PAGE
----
Jefferson, enfeebled at age 82, his flaming red hair now gray, stood in the freshly plastered oval room to address the student body, hoping to somehow speak the words that would rescue his school from their riotous behavior. But so wounded was the former president by their betrayal of his faith in them—he had trusted all in his belief that gentlemen did not need to be forced to do the right thing—he could not speak. He choked on his own feelings. Margaret Bayard Smith, a visitor to Charlottesville, would later summarize student accounts of the dramatic moment this way: "His lips moved—he essayed to speak—burst into tears & sank back into his seat!—The shock was electric!"

Many students in the room came forward and turned themselves in for rioting. "Mr. Jefferson's tears ... melted their stubborn purpose," Smith wrote.

Murder of a Professor

In the early 19th century, rioting was a common practice in the United States among students who either didn't like the food, the rules or the punishments meted out to them. William and Mary students rioted in 1802 after professors punished two fellow classmates for dueling. Bad food—old fish and overripe cabbage—ignited Harvard's Rotten Cabbage Rebellion in 1807. That same year, Princeton students rioted after three classmates were suspended.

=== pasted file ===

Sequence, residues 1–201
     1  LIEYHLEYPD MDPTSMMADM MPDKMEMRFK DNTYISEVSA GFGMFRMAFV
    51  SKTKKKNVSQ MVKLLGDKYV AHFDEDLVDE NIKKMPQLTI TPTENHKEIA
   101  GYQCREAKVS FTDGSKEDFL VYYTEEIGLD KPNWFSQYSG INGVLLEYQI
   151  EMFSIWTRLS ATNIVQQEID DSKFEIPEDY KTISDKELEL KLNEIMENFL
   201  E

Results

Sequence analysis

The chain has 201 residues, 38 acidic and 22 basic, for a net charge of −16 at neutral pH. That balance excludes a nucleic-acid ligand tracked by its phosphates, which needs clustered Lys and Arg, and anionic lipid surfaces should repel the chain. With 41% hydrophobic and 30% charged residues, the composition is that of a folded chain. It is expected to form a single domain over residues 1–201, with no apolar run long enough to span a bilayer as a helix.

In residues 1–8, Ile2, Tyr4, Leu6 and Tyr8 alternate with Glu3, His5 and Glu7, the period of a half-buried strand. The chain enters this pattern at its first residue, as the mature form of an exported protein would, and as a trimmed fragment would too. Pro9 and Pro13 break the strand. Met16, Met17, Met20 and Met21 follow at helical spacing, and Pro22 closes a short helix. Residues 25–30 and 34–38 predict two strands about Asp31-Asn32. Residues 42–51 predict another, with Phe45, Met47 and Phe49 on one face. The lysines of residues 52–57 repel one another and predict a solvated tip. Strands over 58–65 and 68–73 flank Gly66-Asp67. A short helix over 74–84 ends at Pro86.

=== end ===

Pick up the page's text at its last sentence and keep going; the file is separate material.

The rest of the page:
John A.G. Davis
The University of Virginia endured at least six riots in its earliest days. During one riot, a professor was murdered—one of the worst crimes committed at the University in its long history.

It happened this way: One of the new traditions at UVA was the celebration of the 1836 military company riot, which the students had interpreted as a victory over professorial authority. Every November the students fired their pistols, set off firecrackers, lit fires and in general spent the night caterwauling.

But on this autumn night in 1840, the disturbance was too much for John A.G. Davis, the school's law professor since 1830. He stepped out, as he no doubt had many times in the past, to put a halt to the hullabaloo, caused predominantly by two masked students parading around the Lawn firing blank cartridges.

Around 9:00 p.m., he saw one of the masked students hiding behind one of the pillars. Davis jumped for him and reached to unmask the student. The student fled, but turned after a few steps, pointed his pistol, and, without uttering a word, fired at Davis' gut. The bullet pierced Davis' abdomen, and he fell to the ground with a groan.